Seafood Safety Tips

Shopping

  • Fresh seafood should not smell unpleasantly "fishy."

  • Fresh fish steaks and fillets should be moist, with no drying or browning around the edges. The eyes of fresh whole fish should be bright and clear, not cloudy or sunken. Scales should not be "slimy" and should cling tightly to the skin. Gills should be bright pink or red. Frozen fish should not be freezer burned or have damaged packaging.

  • Mollusks in the shell should always be alive when you buy them. When a clam, oyster, mussel, or scallop is alive, the shells will be tightly closed or will close when tapped lightly or iced. A test for freshness is to hold the shell between your thumb and forefinger and press as though sliding the two parts of the shell across one another. If the shells move, the shellfish is not fresh. Throw away any that do not close tightly.

  • Buy seafood only from reputable dealers. You can't know what you're buying from the back of a pickup truck. It could have been caught by someone not subject to FDA or state inspection.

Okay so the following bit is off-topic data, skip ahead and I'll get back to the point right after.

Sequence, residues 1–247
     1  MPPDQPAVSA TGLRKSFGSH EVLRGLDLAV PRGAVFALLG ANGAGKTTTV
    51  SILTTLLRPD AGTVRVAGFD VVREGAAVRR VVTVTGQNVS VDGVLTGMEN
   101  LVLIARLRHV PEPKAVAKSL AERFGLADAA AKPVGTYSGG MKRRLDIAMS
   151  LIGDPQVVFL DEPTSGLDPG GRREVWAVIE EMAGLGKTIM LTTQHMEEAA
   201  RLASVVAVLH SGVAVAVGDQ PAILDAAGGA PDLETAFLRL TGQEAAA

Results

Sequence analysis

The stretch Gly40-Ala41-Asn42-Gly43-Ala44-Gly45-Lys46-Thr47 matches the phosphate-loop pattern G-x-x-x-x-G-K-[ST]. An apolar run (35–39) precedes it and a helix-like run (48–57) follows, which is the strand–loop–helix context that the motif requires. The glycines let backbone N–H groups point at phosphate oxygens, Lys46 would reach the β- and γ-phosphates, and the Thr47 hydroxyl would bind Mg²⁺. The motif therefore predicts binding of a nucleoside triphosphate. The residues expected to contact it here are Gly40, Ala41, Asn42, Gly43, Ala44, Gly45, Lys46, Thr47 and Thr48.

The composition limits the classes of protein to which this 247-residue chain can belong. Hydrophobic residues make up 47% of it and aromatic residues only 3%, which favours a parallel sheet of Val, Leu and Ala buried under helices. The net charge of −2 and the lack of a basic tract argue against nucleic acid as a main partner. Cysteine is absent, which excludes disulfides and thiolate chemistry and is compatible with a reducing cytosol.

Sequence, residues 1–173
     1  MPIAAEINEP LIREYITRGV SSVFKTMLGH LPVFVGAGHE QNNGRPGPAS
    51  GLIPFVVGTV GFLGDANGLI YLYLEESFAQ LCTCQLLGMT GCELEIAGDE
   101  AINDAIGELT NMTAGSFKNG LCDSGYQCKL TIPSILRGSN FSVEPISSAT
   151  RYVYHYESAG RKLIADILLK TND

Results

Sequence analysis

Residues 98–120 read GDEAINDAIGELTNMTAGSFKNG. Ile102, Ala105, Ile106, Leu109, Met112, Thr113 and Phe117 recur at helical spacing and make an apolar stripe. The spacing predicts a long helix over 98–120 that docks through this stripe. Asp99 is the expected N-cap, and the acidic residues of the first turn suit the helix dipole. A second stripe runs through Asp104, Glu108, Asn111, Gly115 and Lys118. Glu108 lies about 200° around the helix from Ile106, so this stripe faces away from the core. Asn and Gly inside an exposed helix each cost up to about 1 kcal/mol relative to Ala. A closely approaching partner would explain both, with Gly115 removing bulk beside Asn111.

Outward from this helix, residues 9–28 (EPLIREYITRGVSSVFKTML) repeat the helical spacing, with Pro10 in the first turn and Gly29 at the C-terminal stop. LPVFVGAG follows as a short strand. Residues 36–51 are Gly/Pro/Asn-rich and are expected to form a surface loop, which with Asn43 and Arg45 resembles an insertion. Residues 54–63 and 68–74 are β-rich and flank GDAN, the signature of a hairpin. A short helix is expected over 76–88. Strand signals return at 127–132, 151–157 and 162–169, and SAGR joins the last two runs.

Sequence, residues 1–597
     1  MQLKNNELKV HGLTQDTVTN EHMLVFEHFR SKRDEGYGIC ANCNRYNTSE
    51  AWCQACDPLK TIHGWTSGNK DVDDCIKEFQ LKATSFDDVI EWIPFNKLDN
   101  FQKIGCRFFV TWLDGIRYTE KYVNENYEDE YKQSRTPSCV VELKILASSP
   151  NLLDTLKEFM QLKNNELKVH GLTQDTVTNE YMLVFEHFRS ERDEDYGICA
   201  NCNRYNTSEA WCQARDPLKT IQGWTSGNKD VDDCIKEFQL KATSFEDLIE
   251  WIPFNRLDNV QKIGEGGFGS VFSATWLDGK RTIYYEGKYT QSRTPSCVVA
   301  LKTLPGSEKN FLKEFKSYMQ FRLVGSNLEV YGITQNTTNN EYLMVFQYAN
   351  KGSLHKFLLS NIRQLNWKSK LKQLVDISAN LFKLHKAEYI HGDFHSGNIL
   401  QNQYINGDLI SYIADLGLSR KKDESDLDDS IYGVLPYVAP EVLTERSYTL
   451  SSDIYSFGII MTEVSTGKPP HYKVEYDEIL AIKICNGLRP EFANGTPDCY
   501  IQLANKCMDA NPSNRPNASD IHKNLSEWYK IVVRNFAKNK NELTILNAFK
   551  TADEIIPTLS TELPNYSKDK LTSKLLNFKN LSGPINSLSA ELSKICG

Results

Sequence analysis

• Ask to see the shipper's tag for molluscan shellfish.

  • Cook fish no later than two days after purchase.

Storing

  • Keep fresh fish cold-- in the coldest part of your refrigerator, usually under the freezer or in the meat drawer, until it's ready to cook and serve.

  • Store fresh fish in your refrigerator in the same wrapper it had in the store.

  • Store live mollusks in your refrigerator in containers covered loosely with a clean, damp cloth. Do not store live shellfish in airtight containers or in water.

  • Canned fish should be refrigerated after opening.

  • Smoked fish, pickled fish, vacuum-packed fish, and modified-atmosphere-packed fish products should always be refrigerated.

  • Keep cooked and raw seafood separate. It's not safe to put cooked seafood back in the original container used for raw seafood, or to store raw and cooked seafood together.

Cooking

  • The safest way to thaw frozen seafood is in the refrigerator in its own container. Allow about one day for defrosting.